Let docs be near family
MY SON has just completed his internship at a government hospital in the Klang Valley.
Upon completion of his internship, much to our dismay, he received a directive from the Health Ministry to report to East Malaysia within 30 days to continue his service as a doctor.
Appeal letters by my son requesting to be posted nearer to home seems to have fallen on deaf ears. As an aged father and a taxpayer, I would naturally prefer to have my children around me in my twilight years.
I am upset with the ministry for posting my son to a state situated so far away and would require air travel merely for visits. I have just suffered a heart attack and my doctors have told me that I am unfit for constant air travel in my current condition.
Further inquiries revealed that a large percentage of young doctors who are newly qualified from the Klang Valley have been posted to Sabah and Sarawak. Their appeals sometimes even with valid reasons have also fallen on deaf ears.
This trend worries me as these decisions often impact family dynamics and have implications far beyond merely moving one person away from his or her family.
While the ministry should be lauded for producing more capable young doctors and looking into the problem of shortages of doctors outside the Klang Valley, I believe these measures of sending all of our young newly qualified doctors out should be tempered with the realisation that these young people are someone’s husband, wife, son or daughter and they have duties beyond just serving their patients. I would like to appeal to the ministry to reconsider this strategy.
My son has worked hard as a junior doctor for the past two years with frequent lengthy night shifts, often with only a few hours of sleep or none at all.
The only thing these young doctors look forward to is being together with their family to have a meal during the weekends when they are off duty.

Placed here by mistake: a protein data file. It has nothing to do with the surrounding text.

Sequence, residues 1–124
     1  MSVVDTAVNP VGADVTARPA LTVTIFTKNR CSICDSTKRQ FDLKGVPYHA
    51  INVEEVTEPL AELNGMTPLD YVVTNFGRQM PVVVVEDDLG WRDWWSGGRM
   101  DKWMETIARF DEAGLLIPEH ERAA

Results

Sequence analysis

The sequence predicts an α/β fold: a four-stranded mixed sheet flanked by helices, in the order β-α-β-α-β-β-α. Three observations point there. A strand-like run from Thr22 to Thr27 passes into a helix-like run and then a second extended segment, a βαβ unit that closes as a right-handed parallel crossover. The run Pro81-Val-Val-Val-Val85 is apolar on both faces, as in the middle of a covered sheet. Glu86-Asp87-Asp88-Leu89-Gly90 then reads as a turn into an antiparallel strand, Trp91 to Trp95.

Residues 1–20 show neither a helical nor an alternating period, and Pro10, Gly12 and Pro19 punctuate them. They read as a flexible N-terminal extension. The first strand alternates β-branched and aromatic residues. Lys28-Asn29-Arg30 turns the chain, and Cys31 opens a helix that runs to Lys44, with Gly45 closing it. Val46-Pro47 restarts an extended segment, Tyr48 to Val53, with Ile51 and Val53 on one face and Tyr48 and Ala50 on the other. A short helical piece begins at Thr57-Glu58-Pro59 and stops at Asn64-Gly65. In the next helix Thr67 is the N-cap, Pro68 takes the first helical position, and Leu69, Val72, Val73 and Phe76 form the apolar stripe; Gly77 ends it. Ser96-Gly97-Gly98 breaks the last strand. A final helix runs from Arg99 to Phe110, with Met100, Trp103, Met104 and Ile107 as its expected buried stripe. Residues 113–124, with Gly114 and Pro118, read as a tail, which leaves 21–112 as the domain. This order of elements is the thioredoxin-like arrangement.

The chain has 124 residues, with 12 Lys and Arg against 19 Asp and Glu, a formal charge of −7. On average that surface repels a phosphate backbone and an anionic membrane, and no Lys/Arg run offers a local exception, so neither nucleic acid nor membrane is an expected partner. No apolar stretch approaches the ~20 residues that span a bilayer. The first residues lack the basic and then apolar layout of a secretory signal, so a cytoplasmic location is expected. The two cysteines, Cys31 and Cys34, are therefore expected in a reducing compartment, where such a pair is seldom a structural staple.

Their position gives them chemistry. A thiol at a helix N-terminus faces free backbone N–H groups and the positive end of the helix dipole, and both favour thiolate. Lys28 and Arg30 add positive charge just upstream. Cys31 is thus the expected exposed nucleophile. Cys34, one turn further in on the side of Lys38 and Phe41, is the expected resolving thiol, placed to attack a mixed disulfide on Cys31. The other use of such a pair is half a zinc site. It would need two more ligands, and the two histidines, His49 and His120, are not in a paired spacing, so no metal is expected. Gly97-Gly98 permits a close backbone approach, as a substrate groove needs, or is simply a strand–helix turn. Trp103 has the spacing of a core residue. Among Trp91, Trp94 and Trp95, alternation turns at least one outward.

And the only way a family can get together on weekends is when they are working at least within the Klang Valley and are somewhere closer to home.
A move to send all these doctors to the two states for a further three to five years will render this impossible. I am sure other parents, whose sons or daughters are in a similar situation, feel the same way.
I also believe the choice of placement should be to some extent decided by our young doctors. A fair system of appeal should be in place where those with valid reasons should be given consideration. After all, it is also the duty of doctors to look after their aged parents, families and siblings too.
Not many can work near home
IN response to the recent letter “Let docs stay near to family,” I believe that every parent regards his or her offspring forever as children, no matter how old they are.
They love to have their children around them at all times.
However, the reality of life is different and whether they are engineers, architects or sales executives, their children’s careers take them away from family – some nearer, some farther.
My friends of different professions from the Klang Valley have their careers all built up in other states like Penang, Johor and Sabah and Sarawak.
Some were sent by their companies to work and train in other countries such as Australia, the United States, China or Arabia for long periods. It is a norm, rather than an exception.
If one decides to stay near his family, one should seriously consider a change of career or start a business close to home.
The shortage of doctors in Sabah and Sarawak is real and at times, heartbreakingly appalling.
The presence of the writer’s doctor son in these states may deprive him of a few weekends with his son, but his time with his parents may deprive some families of ever seeing their loved ones again if there is a heart attack and a lack of doctors to save the patient.
The complaint about working hard in lengthy night shifts may probably gain some sympathy, but the situation has changed greatly.
With the boom in medical schools, we are actually overloaded with interns, especially in the Klang Valley.
We used to have in the best of scenario, just one intern looking after four to six patients.
Now it is two to three interns to a patient.
Their night shifts are much lighter now as five interns are being put up to do duty that can be easily done by two.
Furthermore, the Health Ministry has also set regulations requiring anyone doing night shift to be given a day off the following day.
Sufficient rest is never a question, unless there are other activities that tires the individual down.
No time, really to write long. On call on and off, on and off on Raya.
For the young doctor, I think he has a lot of 'growing up' to do.
Even letter also have to be written by dad.